History’s Answer: “Yes, yes, and oh hell yes.”
You say Apple’s offering “had better be desirable, logical and elegant.” Why is that?
It’s not as if Apple’s tech competitor’s have gotten any traction in the marketplace with the “next great thing” in tech. In fact, when it comes to products like wearables, tech companies clearly don’t have a clue what they should be offering. They keep throwing every conceivable sort of device at the consumer in the hope something sticks and the consumer, in their turn, keeps chucking everything right back at them.
Why The Double Standard?
Why does Apple and Apple alone have to release a new “franchise” every couple of years? Why are there no calls for semi-annual new “franchises” from other tech companies?
Some of the “rules of thumb” regarding success are nothing succeeds like success; success breeds success; past success is a predictor of future success. However, when it comes to Apple — and only Apple — pundits instead apply a “rule of dumb”: Apple succeeded through sheer dumb luck and the odds are bound to catch up with them sooner rather than later; Apple is a one-hit wonder with, admittedly, a string of hits, which only makes it all the more certain their next offering will be a flop; while everyone else is taking target practice, Apple is playing Russian Roulette — each and every time Apple successfully pulls the trigger on another category, it also adds another bullet to the chamber, another nail in the coffin that has been patiently waiting for them these many years.
Worldly wisdom teaches that it is better for reputation to fail conventionally than to succeed unconventionally. ~ John Maynard Keynes
Does Apple Want To Be Pixar?
Apple is not like a movie studio. Pixar is like a movie studio. Pixar had only one innovation but it was a beaut– a process for creating hit animated films. Since then, Pixar has only iterated and iterated and iterated. And not only is that good enough, it’s great. It’s turned Pixar into a movie making hit machine.
Why would Apple want to become Pixar? Think about it. Apple has done everything that Pixar has done, and more. It is Pixar, that might aspire to become Apple. And to do so, they would have to create a new process — a process that would not only revolutionize the way Pixar made movies, but a process that revolutionized the way everyone made movies.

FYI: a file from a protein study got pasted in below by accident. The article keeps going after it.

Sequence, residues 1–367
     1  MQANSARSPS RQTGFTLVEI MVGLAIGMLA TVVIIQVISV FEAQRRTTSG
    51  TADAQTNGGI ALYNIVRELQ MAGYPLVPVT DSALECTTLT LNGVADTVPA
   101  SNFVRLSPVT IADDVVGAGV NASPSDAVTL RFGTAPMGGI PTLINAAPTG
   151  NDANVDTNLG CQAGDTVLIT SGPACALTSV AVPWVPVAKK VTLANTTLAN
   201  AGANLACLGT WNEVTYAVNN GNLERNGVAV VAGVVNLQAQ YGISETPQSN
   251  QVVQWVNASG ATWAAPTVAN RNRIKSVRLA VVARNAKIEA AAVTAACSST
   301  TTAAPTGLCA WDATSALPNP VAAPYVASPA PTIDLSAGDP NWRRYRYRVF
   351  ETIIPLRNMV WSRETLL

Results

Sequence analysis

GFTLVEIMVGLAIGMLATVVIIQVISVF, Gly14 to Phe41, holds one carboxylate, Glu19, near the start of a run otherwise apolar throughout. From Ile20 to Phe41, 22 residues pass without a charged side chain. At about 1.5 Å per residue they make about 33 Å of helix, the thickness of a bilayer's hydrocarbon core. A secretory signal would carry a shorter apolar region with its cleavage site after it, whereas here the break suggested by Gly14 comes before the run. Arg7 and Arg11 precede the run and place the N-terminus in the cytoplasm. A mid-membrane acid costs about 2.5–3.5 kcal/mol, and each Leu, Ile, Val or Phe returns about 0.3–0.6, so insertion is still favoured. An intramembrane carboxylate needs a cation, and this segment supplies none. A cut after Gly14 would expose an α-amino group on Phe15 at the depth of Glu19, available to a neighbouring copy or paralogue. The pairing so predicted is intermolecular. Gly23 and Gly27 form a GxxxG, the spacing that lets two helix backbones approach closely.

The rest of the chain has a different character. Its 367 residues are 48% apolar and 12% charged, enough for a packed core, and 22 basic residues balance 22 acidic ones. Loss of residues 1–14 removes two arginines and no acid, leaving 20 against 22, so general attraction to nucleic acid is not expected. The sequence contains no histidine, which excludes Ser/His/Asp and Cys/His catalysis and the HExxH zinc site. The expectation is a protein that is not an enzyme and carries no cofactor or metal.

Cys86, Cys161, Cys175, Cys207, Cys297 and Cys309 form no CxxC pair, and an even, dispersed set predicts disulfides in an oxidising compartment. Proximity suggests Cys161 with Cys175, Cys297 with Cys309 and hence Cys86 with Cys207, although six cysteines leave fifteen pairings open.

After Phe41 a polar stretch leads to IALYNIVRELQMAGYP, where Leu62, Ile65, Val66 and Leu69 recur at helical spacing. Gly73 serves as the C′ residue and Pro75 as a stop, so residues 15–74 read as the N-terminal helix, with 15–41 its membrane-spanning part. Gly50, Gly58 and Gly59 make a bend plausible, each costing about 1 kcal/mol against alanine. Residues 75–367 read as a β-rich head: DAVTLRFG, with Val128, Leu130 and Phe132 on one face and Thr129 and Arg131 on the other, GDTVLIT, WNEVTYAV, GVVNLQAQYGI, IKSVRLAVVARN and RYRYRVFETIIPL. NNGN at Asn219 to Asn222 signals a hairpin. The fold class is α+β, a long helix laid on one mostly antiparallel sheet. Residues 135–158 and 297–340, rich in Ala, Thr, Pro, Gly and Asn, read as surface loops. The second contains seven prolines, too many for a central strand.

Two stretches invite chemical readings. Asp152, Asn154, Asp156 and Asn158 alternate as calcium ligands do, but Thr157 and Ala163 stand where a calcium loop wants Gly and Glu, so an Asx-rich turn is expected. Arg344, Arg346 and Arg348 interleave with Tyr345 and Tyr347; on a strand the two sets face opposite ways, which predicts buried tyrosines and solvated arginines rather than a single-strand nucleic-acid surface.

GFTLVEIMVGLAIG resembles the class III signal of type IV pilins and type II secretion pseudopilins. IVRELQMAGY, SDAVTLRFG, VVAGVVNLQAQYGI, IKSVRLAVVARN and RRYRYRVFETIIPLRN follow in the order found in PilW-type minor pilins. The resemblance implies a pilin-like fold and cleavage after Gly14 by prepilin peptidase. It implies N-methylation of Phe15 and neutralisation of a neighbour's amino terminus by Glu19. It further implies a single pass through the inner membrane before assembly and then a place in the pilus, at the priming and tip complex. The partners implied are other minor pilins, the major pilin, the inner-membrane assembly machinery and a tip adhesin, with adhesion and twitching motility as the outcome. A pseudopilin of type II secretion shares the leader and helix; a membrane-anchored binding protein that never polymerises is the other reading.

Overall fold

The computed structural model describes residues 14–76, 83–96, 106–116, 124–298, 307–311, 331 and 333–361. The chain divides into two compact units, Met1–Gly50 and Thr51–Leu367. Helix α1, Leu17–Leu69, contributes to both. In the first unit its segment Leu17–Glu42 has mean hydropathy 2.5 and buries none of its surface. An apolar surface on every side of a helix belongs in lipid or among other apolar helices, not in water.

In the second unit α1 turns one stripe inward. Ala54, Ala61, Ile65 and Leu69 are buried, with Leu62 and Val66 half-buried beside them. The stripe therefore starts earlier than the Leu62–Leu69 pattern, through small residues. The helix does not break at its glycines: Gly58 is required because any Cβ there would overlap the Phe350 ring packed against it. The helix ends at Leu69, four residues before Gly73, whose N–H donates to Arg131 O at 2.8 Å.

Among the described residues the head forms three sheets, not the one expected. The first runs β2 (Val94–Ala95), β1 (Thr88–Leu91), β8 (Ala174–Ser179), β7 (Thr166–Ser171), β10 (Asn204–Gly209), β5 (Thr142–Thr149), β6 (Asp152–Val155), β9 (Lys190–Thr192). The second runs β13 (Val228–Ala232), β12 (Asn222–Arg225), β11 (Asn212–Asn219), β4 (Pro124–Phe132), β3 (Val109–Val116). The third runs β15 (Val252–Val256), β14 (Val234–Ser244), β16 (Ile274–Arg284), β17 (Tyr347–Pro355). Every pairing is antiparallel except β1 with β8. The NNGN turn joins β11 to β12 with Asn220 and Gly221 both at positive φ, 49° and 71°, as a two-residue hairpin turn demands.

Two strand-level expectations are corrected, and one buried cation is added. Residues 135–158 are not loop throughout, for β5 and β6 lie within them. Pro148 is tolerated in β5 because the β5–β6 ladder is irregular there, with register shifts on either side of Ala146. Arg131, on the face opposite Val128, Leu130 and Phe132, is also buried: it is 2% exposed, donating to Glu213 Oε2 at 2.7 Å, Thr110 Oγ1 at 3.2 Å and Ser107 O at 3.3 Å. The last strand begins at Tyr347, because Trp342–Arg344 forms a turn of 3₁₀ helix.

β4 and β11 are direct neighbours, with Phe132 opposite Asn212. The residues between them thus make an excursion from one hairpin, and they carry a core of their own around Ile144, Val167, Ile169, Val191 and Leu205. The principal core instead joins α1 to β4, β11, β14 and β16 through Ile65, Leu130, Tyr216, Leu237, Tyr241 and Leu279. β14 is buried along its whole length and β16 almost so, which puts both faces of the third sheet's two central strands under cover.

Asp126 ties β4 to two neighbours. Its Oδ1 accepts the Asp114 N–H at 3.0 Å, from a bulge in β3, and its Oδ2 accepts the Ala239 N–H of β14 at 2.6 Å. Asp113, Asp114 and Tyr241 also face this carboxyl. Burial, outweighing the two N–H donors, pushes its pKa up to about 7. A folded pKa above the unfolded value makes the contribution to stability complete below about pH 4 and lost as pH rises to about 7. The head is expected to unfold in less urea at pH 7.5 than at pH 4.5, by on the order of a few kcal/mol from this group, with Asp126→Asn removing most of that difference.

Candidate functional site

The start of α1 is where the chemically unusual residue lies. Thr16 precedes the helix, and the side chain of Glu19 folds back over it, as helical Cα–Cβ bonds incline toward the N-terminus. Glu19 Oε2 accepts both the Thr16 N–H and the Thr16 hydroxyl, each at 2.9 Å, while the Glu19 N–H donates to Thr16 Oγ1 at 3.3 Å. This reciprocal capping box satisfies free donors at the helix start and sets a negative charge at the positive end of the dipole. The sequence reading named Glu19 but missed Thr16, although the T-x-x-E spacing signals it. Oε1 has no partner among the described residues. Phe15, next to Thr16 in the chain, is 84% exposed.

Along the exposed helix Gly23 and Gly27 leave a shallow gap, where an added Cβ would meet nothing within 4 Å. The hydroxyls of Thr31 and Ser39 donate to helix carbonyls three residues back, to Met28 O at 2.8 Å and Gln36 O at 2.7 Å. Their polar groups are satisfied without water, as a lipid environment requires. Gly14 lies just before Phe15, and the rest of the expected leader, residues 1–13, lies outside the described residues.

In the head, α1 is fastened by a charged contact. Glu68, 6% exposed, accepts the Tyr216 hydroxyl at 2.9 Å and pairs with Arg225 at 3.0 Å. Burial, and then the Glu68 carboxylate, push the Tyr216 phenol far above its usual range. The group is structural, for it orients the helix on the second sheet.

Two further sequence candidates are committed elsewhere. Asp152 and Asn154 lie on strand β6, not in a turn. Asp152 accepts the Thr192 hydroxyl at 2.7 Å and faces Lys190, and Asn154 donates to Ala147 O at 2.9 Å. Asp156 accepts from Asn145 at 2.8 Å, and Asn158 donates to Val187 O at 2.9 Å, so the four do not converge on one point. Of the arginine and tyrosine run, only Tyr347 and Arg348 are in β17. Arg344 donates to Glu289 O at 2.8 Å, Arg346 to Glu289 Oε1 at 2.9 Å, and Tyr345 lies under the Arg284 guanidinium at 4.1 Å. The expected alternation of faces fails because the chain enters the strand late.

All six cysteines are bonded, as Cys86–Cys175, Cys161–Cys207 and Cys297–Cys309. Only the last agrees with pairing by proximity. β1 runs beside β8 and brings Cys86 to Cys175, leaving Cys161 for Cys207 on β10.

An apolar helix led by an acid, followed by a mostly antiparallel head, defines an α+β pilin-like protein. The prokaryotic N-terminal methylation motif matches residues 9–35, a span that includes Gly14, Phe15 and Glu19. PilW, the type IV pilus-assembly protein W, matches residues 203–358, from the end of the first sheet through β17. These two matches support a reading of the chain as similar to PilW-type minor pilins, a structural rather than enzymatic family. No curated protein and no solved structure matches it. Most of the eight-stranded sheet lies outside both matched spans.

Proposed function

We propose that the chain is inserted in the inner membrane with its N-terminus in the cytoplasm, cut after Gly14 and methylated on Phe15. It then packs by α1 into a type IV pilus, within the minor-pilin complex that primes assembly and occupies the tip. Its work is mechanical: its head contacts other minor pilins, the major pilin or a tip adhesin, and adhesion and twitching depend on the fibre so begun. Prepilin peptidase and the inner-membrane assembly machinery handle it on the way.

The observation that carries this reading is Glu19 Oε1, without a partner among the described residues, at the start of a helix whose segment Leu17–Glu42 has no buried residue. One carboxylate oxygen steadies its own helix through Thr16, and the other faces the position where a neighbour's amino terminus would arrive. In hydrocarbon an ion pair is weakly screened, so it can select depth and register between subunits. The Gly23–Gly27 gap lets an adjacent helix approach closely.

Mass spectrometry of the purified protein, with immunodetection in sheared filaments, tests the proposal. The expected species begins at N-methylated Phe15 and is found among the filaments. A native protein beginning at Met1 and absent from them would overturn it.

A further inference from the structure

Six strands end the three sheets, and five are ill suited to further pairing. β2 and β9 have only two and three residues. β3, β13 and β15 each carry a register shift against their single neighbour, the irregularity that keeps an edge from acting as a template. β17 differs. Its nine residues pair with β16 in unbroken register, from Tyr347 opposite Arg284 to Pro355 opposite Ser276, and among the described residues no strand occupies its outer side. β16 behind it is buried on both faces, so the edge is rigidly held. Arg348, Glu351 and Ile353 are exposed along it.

Then they would have to do it again.
And again and again.
Every once in a while a revolutionary product comes along that changes everything. It’s very fortunate if you can work on just one of these in your career. Apple’s been very fortunate in that it’s introduced a few of these. ~ Steve Jobs
Will Apple Ever Be Disruptive Again?
Apple is a hit machine, like Pixar, but they’re also serial disruptors — like no one else I’ve ever seen. The hits come out year after year after year. The disruptions (Apple II, Macintosh, iPod, iPhone and iPad) arrive not so regularly and not so much.
Don’t cry because it’s over. Smile because it happened. ~ Dr. Seuss
I honestly don’t know if Apple will ever create another disruptive product. Truth be told, we should be amazed Apple has created as many game-changers as they have. When you look at the careers of geniuses, almost all of them had their breakthroughs before they were thirty. Steve Jobs had breakthroughs before the age of thirty but as the days of his life dwindled, the speed and size of his disruptive innovations grew. And despite his premature death, his biggest disruption may be still to come.
I discovered that the best innovation is sometimes the company, the way you organize a company. The whole notion of how you build a company is fascinating. ~ Steve Jobs
Pixar has created a process that routinely churns out mega-successful movie hits. Did Steve Jobs create a process that would allow Apple to remain a serial disruptor? Only time will tell…
…but time knows how to keep a secret and it probably won’t be telling us any time too soon.